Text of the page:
A deeper dive into Delecto’s account found that it matched the description Romney gave to the Atlantic. The account was created in July 2011, shortly after Romney announced he was going to run for president, Slate reported. Beyond politicians, political reporters and pundits, Delecto follows late-night hosts Conan O’Brien, Jimmy Kimmel and Jimmy Fallon and athletes such as New England Patriots quarterback Tom Brady and former Green Bay Packers quarterback Brett Favre, according to Slate.
The clues pointing to Romney continued to add up, Feinberg wrote. The first user Delecto followed was Tagg Romney, the senator’s eldest son. The account later followed a number of people associated with Romney, such as advisers, aides and reporters who have covered him.
Another clue was Delecto’s Twitter activity. In the past eight years, Delecto has liked 257 tweets and only tweeted 10 times, all of which were replies to other Twitter users. According to Slate, Delecto liked nearly 70 tweets that either came directly from Romney’s official accounts or were posts quoting from those accounts.
Screen shots from the account show Delecto liking tweets that praised Romney’s criticism of Trump’s Syria decision. Delecto also liked tweets denouncing Trump, including one that read, “If this is a stable genius, I would hate to see what an unstable idiot would do,” and another criticizing the president for playing golf amid the Syria crisis.
But perhaps even more telling were Delecto’s sparse tweets, several of which defended Romney.
“Only Republican to hit Trump on [Mueller] report, only one to hit Trump on character time and again, so Soledad, you think he’s the one without moral compass?” Delecto wrote earlier this year in response to a critical tweet from journalist Soledad O’Brien, who had called out the senator for his “utter lack of a moral compass.”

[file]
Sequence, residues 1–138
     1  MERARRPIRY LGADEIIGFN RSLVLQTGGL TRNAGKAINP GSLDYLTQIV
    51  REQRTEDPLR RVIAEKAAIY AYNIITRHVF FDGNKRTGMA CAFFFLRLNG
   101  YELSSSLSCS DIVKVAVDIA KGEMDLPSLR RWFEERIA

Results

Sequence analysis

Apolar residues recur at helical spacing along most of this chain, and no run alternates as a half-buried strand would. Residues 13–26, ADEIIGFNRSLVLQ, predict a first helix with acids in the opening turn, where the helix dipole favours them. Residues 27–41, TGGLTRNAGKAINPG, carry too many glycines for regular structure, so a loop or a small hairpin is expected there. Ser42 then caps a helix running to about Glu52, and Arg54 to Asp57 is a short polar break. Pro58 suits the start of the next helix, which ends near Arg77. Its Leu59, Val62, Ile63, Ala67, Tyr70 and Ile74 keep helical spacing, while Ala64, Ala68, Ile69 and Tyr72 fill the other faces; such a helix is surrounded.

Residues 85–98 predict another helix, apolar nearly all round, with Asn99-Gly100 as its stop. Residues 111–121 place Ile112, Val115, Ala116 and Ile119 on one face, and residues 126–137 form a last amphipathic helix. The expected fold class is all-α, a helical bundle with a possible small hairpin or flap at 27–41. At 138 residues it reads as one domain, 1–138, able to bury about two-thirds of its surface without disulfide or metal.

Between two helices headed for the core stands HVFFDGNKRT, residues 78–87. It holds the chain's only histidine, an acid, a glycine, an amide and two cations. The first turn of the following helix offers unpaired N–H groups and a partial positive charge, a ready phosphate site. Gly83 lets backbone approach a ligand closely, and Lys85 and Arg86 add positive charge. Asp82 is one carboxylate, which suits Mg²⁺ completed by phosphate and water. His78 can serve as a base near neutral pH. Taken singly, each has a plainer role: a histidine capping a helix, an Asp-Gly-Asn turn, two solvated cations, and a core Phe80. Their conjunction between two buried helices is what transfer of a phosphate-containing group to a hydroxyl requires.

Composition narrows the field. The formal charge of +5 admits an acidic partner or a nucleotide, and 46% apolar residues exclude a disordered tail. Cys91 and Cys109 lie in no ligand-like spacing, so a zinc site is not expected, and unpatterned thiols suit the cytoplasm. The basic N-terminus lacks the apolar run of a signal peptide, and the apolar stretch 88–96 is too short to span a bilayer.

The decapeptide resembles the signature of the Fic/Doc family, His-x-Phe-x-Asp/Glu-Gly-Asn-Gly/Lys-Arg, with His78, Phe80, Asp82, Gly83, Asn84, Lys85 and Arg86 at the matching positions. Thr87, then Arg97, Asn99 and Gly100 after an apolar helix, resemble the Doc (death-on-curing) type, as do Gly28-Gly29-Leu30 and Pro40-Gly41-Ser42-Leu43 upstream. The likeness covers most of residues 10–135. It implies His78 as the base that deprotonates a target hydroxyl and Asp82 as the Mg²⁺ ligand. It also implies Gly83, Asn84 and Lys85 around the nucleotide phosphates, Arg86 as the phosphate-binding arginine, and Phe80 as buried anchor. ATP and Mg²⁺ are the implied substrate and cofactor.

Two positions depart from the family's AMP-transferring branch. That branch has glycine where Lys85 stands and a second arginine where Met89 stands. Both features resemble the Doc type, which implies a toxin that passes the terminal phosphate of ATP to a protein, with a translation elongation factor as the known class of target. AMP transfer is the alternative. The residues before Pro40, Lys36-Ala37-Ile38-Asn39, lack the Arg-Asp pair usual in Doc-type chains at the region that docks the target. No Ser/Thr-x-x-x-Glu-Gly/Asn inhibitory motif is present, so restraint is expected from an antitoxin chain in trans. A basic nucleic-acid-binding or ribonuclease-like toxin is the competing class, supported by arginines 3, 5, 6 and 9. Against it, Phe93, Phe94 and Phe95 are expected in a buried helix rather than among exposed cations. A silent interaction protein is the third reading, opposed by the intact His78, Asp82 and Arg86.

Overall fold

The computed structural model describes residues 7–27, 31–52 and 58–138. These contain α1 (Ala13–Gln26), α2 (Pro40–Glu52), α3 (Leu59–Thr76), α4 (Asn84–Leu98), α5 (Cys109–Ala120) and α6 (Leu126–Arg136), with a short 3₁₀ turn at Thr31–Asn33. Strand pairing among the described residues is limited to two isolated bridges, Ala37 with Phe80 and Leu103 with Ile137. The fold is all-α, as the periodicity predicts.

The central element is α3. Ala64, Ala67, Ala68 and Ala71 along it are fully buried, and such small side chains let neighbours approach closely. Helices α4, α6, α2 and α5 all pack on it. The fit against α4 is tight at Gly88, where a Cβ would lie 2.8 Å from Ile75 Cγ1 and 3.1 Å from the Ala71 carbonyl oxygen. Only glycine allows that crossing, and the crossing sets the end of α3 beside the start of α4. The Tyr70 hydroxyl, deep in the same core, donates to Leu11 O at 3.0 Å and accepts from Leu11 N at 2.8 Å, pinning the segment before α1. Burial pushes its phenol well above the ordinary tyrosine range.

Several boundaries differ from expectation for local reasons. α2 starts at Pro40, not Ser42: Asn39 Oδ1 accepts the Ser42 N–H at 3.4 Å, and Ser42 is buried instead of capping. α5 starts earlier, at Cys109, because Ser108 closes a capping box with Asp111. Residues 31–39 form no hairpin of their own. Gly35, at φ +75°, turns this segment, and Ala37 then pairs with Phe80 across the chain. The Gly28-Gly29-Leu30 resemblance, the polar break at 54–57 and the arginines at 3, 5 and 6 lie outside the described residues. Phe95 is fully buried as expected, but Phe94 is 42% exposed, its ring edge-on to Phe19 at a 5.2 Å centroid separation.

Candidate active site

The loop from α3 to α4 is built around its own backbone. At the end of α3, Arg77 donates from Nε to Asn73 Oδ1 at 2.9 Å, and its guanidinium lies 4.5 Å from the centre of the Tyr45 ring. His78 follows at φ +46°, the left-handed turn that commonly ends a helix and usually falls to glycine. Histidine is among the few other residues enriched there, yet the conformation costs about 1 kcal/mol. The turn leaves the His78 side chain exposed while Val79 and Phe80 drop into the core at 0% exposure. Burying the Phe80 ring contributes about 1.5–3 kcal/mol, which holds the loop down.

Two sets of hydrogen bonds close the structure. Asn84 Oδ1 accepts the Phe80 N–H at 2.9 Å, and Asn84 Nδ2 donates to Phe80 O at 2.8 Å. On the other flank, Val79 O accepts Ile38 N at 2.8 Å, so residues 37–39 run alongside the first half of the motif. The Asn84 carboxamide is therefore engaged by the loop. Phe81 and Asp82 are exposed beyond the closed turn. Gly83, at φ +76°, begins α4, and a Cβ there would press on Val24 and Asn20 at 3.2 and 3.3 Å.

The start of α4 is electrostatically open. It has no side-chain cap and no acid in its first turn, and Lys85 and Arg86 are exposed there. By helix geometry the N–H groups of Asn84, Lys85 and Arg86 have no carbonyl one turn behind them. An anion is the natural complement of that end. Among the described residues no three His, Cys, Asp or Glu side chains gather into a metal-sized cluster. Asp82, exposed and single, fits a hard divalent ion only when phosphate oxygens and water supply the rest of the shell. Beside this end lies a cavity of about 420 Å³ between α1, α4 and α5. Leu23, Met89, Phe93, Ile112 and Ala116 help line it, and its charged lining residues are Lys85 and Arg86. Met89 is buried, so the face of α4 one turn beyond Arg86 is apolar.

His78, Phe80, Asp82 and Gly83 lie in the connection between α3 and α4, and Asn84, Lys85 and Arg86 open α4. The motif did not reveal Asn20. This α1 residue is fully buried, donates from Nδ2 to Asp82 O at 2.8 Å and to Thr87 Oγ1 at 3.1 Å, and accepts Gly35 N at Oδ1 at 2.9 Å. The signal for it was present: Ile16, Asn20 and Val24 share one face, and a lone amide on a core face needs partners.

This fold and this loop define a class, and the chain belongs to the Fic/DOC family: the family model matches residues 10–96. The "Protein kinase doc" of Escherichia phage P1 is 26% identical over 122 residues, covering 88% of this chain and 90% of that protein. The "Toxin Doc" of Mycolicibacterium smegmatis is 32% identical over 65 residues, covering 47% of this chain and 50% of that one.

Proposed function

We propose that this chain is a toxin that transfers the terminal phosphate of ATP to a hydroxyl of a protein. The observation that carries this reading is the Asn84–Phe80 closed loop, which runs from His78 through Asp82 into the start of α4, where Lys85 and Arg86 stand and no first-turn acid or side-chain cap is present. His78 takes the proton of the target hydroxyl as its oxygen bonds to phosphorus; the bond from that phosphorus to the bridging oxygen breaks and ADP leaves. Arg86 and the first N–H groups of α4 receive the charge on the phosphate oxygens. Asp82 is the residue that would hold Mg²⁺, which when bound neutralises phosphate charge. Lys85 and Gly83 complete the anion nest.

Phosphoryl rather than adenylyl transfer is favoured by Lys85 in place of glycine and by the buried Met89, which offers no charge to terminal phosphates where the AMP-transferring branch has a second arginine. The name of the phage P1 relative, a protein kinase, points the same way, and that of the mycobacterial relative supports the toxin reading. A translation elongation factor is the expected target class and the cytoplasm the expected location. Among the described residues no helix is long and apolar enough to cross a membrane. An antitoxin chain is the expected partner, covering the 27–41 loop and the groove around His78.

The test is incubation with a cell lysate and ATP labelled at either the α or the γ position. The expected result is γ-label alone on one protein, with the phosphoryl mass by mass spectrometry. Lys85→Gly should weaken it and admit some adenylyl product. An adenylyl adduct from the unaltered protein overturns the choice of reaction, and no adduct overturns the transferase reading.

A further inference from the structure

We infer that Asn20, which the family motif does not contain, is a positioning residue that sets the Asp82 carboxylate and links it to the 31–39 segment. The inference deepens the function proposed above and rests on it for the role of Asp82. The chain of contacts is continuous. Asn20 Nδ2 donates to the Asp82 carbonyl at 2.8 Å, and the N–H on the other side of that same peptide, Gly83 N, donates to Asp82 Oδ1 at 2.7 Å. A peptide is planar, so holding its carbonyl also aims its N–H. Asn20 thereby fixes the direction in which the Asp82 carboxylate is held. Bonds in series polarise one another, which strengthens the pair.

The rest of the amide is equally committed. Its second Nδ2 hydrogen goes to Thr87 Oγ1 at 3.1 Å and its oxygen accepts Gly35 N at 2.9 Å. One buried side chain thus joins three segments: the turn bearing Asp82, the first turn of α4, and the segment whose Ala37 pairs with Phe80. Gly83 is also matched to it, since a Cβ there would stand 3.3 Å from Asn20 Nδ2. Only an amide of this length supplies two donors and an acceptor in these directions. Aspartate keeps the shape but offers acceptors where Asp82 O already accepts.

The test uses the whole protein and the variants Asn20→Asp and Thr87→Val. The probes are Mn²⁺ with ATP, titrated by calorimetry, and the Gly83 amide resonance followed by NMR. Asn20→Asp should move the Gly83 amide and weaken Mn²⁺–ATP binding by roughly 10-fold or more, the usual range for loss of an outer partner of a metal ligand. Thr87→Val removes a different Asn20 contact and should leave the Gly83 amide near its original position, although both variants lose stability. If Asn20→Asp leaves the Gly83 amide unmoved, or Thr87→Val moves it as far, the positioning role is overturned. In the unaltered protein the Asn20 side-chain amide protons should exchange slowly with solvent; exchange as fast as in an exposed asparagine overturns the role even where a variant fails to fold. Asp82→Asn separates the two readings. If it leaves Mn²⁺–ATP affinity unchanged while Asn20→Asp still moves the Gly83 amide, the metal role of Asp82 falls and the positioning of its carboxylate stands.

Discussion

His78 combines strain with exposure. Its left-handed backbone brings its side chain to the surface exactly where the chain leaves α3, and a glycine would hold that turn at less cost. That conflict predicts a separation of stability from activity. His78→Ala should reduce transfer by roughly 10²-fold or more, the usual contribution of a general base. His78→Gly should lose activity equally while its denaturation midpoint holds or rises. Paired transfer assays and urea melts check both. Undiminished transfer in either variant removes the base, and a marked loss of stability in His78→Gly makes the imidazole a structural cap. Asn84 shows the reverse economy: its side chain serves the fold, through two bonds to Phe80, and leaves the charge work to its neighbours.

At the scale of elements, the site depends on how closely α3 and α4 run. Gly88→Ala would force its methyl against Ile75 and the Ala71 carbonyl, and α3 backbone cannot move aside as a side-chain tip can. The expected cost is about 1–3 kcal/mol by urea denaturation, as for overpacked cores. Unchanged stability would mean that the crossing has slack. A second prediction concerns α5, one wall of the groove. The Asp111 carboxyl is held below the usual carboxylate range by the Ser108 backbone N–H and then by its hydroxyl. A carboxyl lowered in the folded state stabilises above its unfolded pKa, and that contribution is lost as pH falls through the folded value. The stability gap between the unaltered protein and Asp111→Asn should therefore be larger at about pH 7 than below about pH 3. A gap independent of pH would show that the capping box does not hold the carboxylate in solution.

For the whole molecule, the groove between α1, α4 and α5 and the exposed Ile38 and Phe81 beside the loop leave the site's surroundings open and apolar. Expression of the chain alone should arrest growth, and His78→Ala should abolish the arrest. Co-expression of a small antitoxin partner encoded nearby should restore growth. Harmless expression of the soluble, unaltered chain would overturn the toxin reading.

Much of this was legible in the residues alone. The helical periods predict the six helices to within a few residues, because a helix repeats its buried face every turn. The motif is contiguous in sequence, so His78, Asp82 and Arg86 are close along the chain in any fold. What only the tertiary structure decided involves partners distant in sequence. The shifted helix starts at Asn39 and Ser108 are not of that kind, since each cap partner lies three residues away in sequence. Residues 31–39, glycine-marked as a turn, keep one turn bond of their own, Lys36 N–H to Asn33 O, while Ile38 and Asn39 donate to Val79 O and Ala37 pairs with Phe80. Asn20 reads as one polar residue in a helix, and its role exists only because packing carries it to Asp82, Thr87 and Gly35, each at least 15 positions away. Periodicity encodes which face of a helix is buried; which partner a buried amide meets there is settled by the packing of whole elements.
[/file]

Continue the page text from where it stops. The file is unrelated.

The account’s most recent tweet, dated Saturday, appeared to be a tongue-in-cheek response to conservative radio host and blogger Erick Erickson applauding Romney for taking a public stand against Trump.
“Don’t read the comments, ever,” Delecto wrote.
Social media users quickly became obsessed with the bizarre moniker the senator chose for his alter ego.
Former New York congressman Anthony Weiner used the alias “Carlos Danger” to send explicit photos to at least one woman. Former pro football player Michael Vick allegedly referred to himself as “Ron Mexico” in an attempt to hide his identity while receiving treatment for herpes. Even Trump has used a fake name, going by “John Barron” when he pretended to be his own spokesman in the 1980s.
Some pointed out that this also isn’t the first time Romney has adopted a false identity. In 2012, the Stanford Daily reported that when Romney was a freshman at the university, he used the name “Tim Yenmor,” or Mitt (minus a T) Romney backward, in an effort to foil a rival school’s planned prank.
It remains unclear exactly how Romney decided on “Pierre Delecto,” but that didn’t stop eager Twitter sleuths from trying to figure it out.
People suggested that “Pierre” might come from Romney’s time spent as a missionary in France and that “Delecto” could be a reference to the Latin phrase “in flagrante delicto,” which translates to “while the crime is blazing,” according to Merriam-Webster.
But amid theories about the name’s origin, jokes abounded.
Brent Griffiths contributed to this report.